While there is some difference of opinion among “experts” when the subject of recession comes up, people who are out of work or losing a home have no doubts about it. It all depends on which definition you decide to use.
For most economists and financial-industry observers, a recession occurs when a nation’s Gross Domestic Product is moving in a negative direction, as opposed to growing. According to the official designation, this must take place over two consecutive fiscal quarters (six months).
Most people are aware of coming problems long before a recession becomes official. The overall economy begins to slow down – employers let workers go, they spend less money, businesses don’t advertise as much and so on. It’s interesting that economists have tracked a few months of positive GDP growth just before most of these economic slow-down periods start.
In the past couple of decades some economists have started to question the “official” definition of a recession. They emphasize that basing the designation only on GDP might be misleading. Other facts should be included, these economists insist – unemployment, consumer spending and the hard-to-measure level of confidence among consumers.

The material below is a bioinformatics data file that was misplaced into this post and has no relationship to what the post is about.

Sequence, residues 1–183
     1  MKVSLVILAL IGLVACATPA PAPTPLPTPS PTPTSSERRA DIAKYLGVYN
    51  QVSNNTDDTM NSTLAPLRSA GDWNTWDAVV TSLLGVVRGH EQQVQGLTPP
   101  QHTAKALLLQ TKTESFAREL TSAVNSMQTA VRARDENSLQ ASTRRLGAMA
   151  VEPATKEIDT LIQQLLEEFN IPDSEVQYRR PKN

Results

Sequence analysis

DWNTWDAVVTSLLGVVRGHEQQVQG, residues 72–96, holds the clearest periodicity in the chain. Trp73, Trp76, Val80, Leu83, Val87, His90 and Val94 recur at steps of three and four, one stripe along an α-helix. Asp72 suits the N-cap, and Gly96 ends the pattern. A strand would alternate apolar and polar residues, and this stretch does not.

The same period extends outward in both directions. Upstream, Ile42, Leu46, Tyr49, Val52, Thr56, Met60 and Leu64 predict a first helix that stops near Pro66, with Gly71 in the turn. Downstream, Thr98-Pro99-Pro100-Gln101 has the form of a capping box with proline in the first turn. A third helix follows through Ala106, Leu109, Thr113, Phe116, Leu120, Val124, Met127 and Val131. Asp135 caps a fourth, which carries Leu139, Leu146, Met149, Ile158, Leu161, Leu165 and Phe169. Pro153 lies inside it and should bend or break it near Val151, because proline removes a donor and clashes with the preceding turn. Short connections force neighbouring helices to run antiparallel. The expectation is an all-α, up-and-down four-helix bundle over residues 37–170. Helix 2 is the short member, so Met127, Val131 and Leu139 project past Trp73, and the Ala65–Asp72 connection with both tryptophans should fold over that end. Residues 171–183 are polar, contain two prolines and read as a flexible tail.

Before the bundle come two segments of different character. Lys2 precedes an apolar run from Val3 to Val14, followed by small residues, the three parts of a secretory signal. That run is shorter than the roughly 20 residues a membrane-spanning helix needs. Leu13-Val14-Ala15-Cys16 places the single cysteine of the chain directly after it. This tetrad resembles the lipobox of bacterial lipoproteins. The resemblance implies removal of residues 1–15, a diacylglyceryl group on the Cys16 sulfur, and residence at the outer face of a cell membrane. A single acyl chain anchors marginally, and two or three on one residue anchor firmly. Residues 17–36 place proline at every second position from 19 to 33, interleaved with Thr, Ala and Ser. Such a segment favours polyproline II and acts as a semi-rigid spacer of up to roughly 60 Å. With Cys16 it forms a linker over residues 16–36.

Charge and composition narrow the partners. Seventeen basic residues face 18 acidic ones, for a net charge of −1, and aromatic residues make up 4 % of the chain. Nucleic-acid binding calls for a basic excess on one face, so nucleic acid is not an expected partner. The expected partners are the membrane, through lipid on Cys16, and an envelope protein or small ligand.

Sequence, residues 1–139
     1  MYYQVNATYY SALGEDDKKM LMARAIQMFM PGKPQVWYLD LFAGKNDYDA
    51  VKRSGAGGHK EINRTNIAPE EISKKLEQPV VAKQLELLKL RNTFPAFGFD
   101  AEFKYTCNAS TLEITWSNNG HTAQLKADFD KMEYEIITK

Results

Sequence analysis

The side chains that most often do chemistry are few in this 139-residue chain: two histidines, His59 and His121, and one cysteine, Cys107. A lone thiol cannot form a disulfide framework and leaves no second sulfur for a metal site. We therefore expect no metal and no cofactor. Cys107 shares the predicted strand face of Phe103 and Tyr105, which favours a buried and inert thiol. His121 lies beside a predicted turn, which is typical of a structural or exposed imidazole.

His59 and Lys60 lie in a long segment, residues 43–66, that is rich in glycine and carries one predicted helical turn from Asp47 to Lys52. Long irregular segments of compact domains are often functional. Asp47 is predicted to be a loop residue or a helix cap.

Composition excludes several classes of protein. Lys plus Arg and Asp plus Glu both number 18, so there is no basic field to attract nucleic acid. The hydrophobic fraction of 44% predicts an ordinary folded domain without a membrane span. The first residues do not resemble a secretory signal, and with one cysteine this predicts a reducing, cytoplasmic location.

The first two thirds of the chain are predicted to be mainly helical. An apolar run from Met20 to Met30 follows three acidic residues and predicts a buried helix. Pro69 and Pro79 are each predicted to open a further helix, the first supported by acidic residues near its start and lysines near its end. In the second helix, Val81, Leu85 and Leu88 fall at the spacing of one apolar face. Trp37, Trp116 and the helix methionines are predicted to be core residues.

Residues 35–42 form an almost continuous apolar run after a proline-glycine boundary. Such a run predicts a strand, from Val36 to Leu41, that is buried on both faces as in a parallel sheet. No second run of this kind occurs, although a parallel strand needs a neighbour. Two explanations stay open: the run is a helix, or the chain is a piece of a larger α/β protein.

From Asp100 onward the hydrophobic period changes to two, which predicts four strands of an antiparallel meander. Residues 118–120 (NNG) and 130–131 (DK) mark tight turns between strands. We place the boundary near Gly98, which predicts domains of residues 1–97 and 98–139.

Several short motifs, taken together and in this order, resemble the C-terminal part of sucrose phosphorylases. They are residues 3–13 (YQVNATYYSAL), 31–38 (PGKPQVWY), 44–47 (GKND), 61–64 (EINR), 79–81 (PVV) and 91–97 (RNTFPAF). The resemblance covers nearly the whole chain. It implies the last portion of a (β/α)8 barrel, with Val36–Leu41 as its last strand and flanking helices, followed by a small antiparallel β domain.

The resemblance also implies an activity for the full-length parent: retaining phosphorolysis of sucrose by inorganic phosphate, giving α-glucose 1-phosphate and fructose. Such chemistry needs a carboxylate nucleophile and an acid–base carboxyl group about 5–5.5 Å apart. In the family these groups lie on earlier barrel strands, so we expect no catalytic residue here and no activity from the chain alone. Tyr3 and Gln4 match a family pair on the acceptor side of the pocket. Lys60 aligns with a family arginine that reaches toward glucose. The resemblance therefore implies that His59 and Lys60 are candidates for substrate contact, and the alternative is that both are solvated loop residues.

The National Bureau of Economic Research (NBER) is the agency designated to declare a recession. This federal agency uses a slightly more nebulous definition for recession that includes the phrase “a few months.” But the result is generally the same. When the economy is slipping “backwards” for a significant period of time, a country might be in a recession.
As mentioned earlier, the man-on-the-street and the buyer of groceries often know that tough times are coming. In fact, by the time the NBER gives U.S. citizens the official notice, the economy might have been stalled or moving in a negative direction for weeks. It’s the nature of federal agencies to be just a bit behind the curve in this case because agency staff must analyze a lot of information before they feel confident enough to make a declaration.
Some economists and financial analysts point out that periods of mild recession or economic slow-down are common. Basically, there are going to be periods of “up” activity and periods of “down” activity. The real problem arises when the economic stall or negative direction lasts for several months. According to economists, these extended periods go beyond the necessary adjustments for increased spending and times of faster-than-normal growth.
If several of the factors (GDP, unemployment etc.) have a negative direction and combine to create real problems over time, a recession is underway. Severe negative movement and extremely long periods like this may actually lead to depression. If consumer confidence and spending stops completely for a long time, such as was the case in the 1930s, a Great Depression occurs. This takes the economic situation far beyond a recession.
According to Wikipedia, a recession not only involves negative GDP and unemployment but also involves investment, use of commercial capacity (stores, manufacturing facilities) and rate of bankruptcy. Economists and financial analysts attempt to pinpoint factors leading to a recession but admit there can be intangible factors as well.